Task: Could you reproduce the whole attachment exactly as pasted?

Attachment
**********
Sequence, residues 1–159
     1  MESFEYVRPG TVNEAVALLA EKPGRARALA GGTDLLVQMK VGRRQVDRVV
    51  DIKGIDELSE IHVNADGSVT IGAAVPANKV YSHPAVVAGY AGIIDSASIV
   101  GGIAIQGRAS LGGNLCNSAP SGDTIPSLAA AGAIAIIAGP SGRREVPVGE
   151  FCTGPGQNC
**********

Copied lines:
Sequence, residues 1–159
     1  MESFEYVRPG TVNEAVALLA EKPGRARALA GGTDLLVQMK VGRRQVDRVV
    51  DIKGIDELSE IHVNADGSVT IGAAVPANKV YSHPAVVAGY AGIIDSASIV
   101  GGIAIQGRAS LGGNLCNSAP SGDTIPSLAA AGAIAIIAGP SGRREVPVGE
   151  FCTGPGQNC